Discover more from Not On Your Team, But Always Fair
Welcome to new subscribers
...About 500 of you if Substack got its sums right
Last week, Substack featured Not on Your Team, But Always Fair on its homepage.
This meant about 500 new free subscribers turned up over the next few days, along with four more new paid subscribers. Welcome, I hope you like what you see.
I’m now about 15 subscribers away from three thousand, which—given Twitter’s throttling of Substack links over the last couple of months—has meant I’ve caught up on the subscription gains I used to be able to get because I have a large-ish Twitter account (about 40K followers).
To that end, I’d better tell you what you’re getting.
First and most important, this Substack is unpaywalled. I’m vain enough to think that the writing around here is good enough to mean people are willing to pay for it without a promise of exclusivity. I don’t pay myself, but I do pay my writers, of whom the most important is Lorenzo Warby.
Lorenzo has his own Substack (), but I have a much larger, ready-made audience. There are historical reasons for this.
Many years ago, both Lorenzo and I were on the receiving end of cancellations. The one directed at Lorenzo succeeded, and he was driven out of public life. The one directed at me failed, making me more popular than ever.
Much of the difference in outcomes turned on my social class and access to connections, and I tried over a number of years to figure out how to reintroduce Lorenzo to public life and commentary. This included him writing for a blog I ran, and promoting his blog using my big Twitter account. Neither of those succeeded.
Substack, however, has worked. I have been able to use my reach to get his work out to a bigger audience, and my connections to get it noticed more widely.
This means, if you subscribe, you’re paying for Lorenzo’s series of essays on the strange and disorienting times in which we live. Links to all essays published so far (about half of them) are under my pinned post, and I’ve highlighted it with Substack’s official “elephant stamp” of quality.
In my view, Lorenzo is a major thinker and scholar, and if I achieve nothing more than getting his work in front of tens of thousands of eyeballs, this Substack will be a resounding success.
As for me, I’ve been a writer in a variety of outlets since 1993, and in various forms of legal practice since 2005. I’ve written three novels (the second’s cover is my logo), hundreds of thousands of words of legal and political commentary, and have been Senior Writer at Law & Liberty since January 2021. Unusually, I’m trained in both English-derived common law and Roman-derived civil law. If I occasionally disappear, it’s because I’m consulting.
The illustrations scattered throughout this piece are by brilliant Scottish illustrator and photographer Terry Rodgers, and appear in my second and third novels, which form a two book series. If you buy the ebooks on Kindle or Apple, or in print in Australia, they’re in colour. If you buy the print books elsewhere, they’re in black & white.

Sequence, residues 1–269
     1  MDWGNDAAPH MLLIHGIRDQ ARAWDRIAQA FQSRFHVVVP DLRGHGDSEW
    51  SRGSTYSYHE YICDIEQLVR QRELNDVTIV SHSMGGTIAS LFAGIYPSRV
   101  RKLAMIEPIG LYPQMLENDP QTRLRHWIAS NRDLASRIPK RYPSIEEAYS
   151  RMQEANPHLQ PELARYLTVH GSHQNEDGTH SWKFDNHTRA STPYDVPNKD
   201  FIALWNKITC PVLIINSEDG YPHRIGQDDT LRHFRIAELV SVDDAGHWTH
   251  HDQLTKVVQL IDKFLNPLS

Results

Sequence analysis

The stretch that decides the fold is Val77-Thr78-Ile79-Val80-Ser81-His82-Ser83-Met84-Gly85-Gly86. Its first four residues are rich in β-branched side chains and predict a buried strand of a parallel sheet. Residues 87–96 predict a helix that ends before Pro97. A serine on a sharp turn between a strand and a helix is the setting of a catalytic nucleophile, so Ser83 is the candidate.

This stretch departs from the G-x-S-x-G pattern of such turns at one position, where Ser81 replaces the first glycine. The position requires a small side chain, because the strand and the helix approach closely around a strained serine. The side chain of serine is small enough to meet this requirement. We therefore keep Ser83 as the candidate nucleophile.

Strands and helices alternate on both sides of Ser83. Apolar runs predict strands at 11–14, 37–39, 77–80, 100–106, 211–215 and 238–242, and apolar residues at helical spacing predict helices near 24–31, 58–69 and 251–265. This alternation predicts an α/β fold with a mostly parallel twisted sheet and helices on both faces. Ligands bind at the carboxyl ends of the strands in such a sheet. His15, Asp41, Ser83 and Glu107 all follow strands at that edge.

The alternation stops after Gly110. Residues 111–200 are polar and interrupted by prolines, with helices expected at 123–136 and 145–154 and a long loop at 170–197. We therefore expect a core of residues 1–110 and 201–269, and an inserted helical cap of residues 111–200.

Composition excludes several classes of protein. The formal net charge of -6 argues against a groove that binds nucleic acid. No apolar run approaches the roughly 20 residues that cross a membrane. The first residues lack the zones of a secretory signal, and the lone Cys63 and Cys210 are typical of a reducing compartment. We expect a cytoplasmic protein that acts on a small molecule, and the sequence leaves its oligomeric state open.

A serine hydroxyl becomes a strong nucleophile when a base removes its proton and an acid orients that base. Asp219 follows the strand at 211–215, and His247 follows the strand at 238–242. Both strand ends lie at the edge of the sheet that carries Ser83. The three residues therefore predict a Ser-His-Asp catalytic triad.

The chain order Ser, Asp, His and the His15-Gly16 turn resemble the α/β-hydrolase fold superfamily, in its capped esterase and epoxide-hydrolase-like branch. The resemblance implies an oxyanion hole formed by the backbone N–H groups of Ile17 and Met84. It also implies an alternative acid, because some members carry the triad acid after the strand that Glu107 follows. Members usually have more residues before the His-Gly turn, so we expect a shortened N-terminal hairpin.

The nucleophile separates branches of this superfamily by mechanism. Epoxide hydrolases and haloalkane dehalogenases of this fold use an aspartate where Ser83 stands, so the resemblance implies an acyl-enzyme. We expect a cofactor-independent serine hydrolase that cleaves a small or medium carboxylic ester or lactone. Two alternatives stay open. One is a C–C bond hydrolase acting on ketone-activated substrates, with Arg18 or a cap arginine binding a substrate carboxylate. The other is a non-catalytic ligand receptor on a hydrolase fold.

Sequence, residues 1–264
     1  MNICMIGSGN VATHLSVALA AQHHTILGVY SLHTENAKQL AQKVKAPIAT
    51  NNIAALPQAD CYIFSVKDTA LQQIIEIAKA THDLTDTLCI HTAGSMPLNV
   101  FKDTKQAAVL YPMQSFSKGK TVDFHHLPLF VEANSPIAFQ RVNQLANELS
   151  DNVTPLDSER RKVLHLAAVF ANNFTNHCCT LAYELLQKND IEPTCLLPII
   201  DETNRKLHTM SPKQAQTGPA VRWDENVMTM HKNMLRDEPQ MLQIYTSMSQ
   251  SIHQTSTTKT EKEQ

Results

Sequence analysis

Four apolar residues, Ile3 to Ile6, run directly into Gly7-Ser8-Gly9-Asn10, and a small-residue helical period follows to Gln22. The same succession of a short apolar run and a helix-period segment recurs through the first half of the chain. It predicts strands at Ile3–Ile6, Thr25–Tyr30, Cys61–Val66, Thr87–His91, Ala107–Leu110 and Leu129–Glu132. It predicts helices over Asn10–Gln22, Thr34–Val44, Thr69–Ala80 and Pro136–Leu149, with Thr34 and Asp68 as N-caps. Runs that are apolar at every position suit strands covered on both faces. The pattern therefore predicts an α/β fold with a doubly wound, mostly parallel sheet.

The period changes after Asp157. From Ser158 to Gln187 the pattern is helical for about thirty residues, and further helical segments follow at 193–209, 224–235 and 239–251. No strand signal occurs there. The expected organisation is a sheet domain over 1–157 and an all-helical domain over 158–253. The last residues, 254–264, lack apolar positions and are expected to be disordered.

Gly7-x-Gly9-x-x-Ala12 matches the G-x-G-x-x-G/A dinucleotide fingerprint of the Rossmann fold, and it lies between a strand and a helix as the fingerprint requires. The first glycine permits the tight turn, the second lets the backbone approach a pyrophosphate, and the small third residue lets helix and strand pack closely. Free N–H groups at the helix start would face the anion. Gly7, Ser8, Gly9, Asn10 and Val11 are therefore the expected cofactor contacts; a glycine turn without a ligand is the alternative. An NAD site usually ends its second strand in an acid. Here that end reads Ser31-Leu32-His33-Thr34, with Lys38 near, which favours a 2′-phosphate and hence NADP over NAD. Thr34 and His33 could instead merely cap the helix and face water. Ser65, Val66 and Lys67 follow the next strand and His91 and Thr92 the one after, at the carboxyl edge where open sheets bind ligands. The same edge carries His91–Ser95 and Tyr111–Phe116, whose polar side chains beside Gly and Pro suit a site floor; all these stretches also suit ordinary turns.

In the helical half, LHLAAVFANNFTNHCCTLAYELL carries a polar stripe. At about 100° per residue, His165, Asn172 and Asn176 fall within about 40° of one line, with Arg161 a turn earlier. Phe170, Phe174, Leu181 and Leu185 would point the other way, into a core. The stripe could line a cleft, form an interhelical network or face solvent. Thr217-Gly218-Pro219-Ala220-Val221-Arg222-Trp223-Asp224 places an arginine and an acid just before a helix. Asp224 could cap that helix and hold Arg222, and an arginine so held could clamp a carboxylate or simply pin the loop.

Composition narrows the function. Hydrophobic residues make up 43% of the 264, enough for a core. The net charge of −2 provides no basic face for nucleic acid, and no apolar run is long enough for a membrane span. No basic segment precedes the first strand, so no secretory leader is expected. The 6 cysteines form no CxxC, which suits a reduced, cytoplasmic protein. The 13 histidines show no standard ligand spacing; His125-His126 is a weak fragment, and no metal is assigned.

I have won or been shortlisted for a number of literary awards, initially in Australia and then elsewhere. One of the Australian awards (the Miles Franklin Award, Australia’s equivalent of the Booker or Pulitzer) led to an attempted cancellation. As I mentioned above, this didn’t work, turning my first novel into a bestseller instead.
Kingdom of the Wicked (I and II) imagines what the world would look like if the Ancient Romans had undergone an industrial revolution. Thanks to the necessary legal and language training, I was able to preserve their distinctive, non-Christian morality: sexual perversion, eugenics, inequality of persons—the lot.
I now live in the UK, in an area often described as the “Home Counties” or “Tory Shires”. Although I’m technically retired, I still write, and hold a fractional appointment with US educational foundation Liberty Fund.
Recent things (as in, the last week) I’ve done for them include this piece on affirmative action and other unmeritorious university admissions (which look baffling to non-Americans) and this podcast interview with Douglas Murray. In it, Murray and I discuss the emergence of anti-white racism, the moral complexity of reparations, and what lessons Nietzsche has for us now.
If you’re looking for a “highlights reel”, the most popular piece (approx. 12K views) is this piece of mine on the Roman law of slavery. The most commented on is this piece on Matt Walsh’s film, What is a Woman?.
In Substack’s “categories”, I selected “politics” and “culture”. Both Lorenzo and I try to interpret those categories widely, and because we emerge from distinctive political traditions (English Toryism and Australian democratic majoritarianism), you may find us passing strange. Persist. Things that taste odd at first can become a favourite food.
Not On Your Team, But Always Fair is a reader-supported publication. To receive new posts and support my work, consider becoming a free or paid subscriber.